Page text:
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Shmuel Yosef “Shai” Agnon

(1888 - 1970)

Recipient of the 1966 Nobel Prize for Literature, Shmuel Yosef Agnon was born in Galicia in 1888. He immigrated to Jaffa in 1908, but spent 1913 through 1924 in Germany. In 1924, he returned to Jerusalem, where he lived until his death in 1970.

A prolific novelist and short-story writer from an early age, Agnon received numerous literary awards, including the Israel Prize on two occasions.

Called “a man of unquestionable genius” and “one of the great storytellers of our time,” S.Y. Agnon is among the most effusively praised and widely translated Hebrew authors. His unique style and language have influenced the writing of subsequent generations of Hebrew authors. Much of his writing attempts to recapture the lives and traditions of a former time, but his stories are never a simple act of preservation. Agnon’s tales deal with the most important psychological and philosophical problems of his generation. “Via realistic and surrealistic modes,” writes the New York Times, “Agnon has transmuted in his many words the tensions inherent in modern man’s loss of innocence, and his spiritual turmoil when removed from home, homeland and faith.” An observant Jew throughout most of his life, he was able to capture “the hopelessness and spiritual desolation” of a world standing on the threshold of a new age. Extolled for his “peculiar tenderness and beauty,” for his “comic mastery” and for the “richness and depth” of his writing, it is S.Y. Agnon’s contribution to the renewal of the language that has been seminal for all subsequent Hebrew writing.

His home in Talpiot, built in 1931 in the Bauhaus style, was turned into a museum, Beit Agnon. The study where he wrote many of his works was preserved intact. Agnon’s image, with a list of his works and his Nobel Prize acceptance speech, appeared on the fifty-shekel bill, second series, in circulation from 1985 to 2014. The main street in Jerusalem’s Givat Oranim neighborhood is called Sderot Shai Agnon, and a synagogue in Talpiot, a few blocks from his home, is named after him.

Agnon is also memorialized in Buchach, now in Ukraine, where he was born. There is an extensive (relative to the size of the museum) exhibition in the Historical Museum in Buchach and, just a few yards away, a bust of Agnon is mounted on a pedestal in a plaza across the street from the house where he lived. The house itself is preserved and marked as the home where Agnon lived from birth till the age of (approximately) 19; the street that runs in front of the house is named “Agnon Street” (in Ukrainian).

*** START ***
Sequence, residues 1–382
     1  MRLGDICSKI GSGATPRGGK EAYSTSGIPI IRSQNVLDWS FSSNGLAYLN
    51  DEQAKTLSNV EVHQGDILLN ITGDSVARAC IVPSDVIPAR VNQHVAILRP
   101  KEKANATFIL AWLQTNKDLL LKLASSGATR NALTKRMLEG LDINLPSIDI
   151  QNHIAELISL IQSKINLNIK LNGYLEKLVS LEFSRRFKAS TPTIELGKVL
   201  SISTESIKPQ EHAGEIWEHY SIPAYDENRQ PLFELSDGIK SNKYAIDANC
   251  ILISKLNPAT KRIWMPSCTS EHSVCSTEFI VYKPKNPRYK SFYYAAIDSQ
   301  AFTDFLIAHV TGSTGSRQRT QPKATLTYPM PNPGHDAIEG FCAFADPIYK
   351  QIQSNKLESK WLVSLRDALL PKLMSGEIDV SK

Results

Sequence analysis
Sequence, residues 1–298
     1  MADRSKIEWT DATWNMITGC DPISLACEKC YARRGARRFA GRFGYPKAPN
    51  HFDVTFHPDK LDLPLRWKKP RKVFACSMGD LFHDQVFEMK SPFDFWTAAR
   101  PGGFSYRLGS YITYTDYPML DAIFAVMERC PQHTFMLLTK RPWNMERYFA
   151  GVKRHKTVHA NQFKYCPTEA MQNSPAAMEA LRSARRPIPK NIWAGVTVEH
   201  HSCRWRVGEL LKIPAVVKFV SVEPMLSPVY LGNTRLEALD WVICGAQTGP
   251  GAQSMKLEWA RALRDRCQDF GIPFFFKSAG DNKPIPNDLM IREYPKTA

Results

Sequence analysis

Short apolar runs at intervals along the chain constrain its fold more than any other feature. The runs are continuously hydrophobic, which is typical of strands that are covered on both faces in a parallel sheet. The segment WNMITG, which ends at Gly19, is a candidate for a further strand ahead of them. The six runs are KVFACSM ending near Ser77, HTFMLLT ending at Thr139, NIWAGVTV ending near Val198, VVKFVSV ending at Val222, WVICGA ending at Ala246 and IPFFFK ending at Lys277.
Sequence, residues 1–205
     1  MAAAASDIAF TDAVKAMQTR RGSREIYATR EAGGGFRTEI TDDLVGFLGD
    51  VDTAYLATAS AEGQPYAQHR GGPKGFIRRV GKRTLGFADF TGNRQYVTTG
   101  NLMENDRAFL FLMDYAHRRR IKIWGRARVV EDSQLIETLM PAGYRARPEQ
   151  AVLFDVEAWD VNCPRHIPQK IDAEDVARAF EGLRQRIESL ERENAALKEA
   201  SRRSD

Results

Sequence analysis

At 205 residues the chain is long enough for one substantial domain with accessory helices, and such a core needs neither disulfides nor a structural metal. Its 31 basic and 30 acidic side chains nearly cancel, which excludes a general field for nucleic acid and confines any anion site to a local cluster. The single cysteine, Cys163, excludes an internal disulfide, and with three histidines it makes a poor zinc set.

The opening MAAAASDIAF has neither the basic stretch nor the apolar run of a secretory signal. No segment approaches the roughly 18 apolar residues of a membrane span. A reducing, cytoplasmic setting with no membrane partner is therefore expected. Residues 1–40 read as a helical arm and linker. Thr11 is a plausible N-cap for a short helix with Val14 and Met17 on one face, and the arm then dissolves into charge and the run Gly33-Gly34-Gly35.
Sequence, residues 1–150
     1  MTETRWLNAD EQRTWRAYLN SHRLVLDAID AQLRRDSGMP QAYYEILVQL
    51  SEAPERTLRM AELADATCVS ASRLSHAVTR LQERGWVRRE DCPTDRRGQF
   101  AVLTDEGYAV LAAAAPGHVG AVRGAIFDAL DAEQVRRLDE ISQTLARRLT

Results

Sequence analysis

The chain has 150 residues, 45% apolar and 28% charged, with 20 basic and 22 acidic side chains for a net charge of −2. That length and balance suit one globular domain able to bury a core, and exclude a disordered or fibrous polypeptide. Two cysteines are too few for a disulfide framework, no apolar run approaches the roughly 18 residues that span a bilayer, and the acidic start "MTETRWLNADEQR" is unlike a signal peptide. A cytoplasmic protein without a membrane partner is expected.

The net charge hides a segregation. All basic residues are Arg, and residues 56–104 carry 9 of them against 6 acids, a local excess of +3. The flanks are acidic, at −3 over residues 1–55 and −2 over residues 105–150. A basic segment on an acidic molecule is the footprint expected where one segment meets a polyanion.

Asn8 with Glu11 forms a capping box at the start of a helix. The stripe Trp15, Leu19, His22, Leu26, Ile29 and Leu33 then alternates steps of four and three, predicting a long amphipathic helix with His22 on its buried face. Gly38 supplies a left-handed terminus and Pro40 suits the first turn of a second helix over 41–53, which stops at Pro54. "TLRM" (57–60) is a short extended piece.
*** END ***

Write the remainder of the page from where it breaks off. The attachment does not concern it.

After Agnon’s death, his home was opened to the public. In the early 1980s, the kitchen and family dining room were turned into a lecture and conference hall, and literary and cultural evenings were held there. In 2005, the Agnon House Association in Jerusalem renovated the building, which reopened in January 2009. The house was designed by the German-Jewish architect Fritz Korenberg, who was also his neighbor.

Books Published in Hebrew


The Bridal Canopy, Schocken, 1932
A Simple Story, Schocken, 1935
A Guest for the Night, Schocken, 1939
Only Yesterday, Schocken, 1946
Shira, Schocken, 1971
In Mr. Lublin's Store, Schocken, 1974

Agnon published 24 volumes of novels, novellas and short stories. The Collected Works of S.Y. Agnon was published by Schocken in eight volumes between 1953-62, updated with the 11 works that appeared posthumously.

Books in Translation:

Some 85 of S.Y. Agnon's works have been published in translation in 18 languages. Selections available from in our bookstore:

A Book That Was Lost : And Other Stories. NY: Schocken, 1996.
A dwelling place of my people : sixteen stories of the Chassidim. Scottish Academic Press, No Date.
A Guest for the Night. Gollancz, No Date.
A Simple Story. NY: Schocken, 1985.
Agnon's Aleph Bet : Poems. PA: Jewish Publications Society, 1998.
The Bridal Canopy, NY: Schocken, 1980.
Days of Awe : A Treasury of Jewish Wisdom for Reflection, Repentance, and Renewal on the High Holy Days. NY: Schocken, 1995.
In the Heart of the Seas : A Story of a Journey to the Land of Israel. NY: Schocken, 1986.
Present at Sinai : The Giving of the Law : Commentaries Selected by S.Y. Agnon. PA: Jewish Publications Society, 1994.
Shira. NY: Syracuse University Press, 1996.
Twenty-one stories. NY: Schocken, 1970.

Sources: Israeli Ministry of Foreign Affairs.
“Shmuel Yosef Agnon,” Wikipedia.

Photo: Israeli GPO photographer, Public domain via Wikimedia Commons.